Title of Our Lord, referring to His reconciliation of God and man.
The Council of Trent defines that "we were saved through the merits of one mediator Our Lord Jesus Christ".
The object of the mediatorship is here pointed out as the salvation of mankind, as Saint Paul wrote (1 Timothy 2; cf. Colossians 1).
Christ is well qualified to be a mediator, i.e., one who brings estranged parties to amicable agreement.
Being God and man, He can best restore friendship between God and the human family, and bring peace to men, His brethren, who through Him have become the objects of God's complacency, as the angels sang in midnight heavens: "Peace to men of good will."
Even if man had not sinned and the Incarnation had not taken place, Christ would be our Mediator, to offer to God mankind's homage thus deified, "Glory to God in the highest," and bring God's blessings down upon men.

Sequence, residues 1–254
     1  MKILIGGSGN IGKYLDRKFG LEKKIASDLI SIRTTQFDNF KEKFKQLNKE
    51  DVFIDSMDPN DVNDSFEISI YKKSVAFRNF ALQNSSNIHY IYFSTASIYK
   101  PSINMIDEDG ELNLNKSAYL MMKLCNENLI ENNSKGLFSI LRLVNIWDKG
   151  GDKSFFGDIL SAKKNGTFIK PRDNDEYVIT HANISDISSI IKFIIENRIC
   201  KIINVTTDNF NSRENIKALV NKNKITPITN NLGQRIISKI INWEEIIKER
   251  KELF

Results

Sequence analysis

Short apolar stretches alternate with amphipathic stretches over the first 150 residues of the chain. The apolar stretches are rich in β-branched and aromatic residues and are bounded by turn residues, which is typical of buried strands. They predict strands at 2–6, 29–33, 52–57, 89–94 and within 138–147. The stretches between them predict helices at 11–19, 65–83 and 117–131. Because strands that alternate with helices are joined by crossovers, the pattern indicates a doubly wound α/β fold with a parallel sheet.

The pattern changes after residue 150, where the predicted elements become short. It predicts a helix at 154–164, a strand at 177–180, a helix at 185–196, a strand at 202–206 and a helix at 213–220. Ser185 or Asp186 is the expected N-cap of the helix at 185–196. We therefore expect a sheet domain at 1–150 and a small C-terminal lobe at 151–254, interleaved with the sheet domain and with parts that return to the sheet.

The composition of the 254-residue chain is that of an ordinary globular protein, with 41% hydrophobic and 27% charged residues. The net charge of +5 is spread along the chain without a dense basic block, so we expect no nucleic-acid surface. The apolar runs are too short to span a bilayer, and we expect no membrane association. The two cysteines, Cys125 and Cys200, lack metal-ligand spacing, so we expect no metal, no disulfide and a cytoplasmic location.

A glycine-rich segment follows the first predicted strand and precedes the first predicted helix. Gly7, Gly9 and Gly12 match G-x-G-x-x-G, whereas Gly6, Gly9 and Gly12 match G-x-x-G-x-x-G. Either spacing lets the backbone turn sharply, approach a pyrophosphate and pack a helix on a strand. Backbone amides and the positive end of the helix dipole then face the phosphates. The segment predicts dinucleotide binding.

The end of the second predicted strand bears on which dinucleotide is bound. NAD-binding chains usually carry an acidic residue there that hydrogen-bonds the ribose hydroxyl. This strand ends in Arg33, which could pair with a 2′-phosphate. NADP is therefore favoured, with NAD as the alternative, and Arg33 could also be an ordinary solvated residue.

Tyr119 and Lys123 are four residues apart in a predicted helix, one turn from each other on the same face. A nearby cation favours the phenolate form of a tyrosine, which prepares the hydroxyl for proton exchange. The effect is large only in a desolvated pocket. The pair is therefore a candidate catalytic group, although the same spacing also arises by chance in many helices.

He is the head of the body, the Church, the firstborn of every creature, our human family thus acquiring a claim to participate in the supernatural privileges of our head, Christ Jesus the Son of God.
As Wilhelm well says, "His mediation partly replaces, partly completes, partly renders possible and efficacious the saving work of man himself," for personal salvation and sanctification are effected by our own free acts as members of Christ, enabled by the Communication of life Divine to do godly acts and really merit our eternal reward when Christ our Mediator will achieve His triumph.
New Catholic Dictionary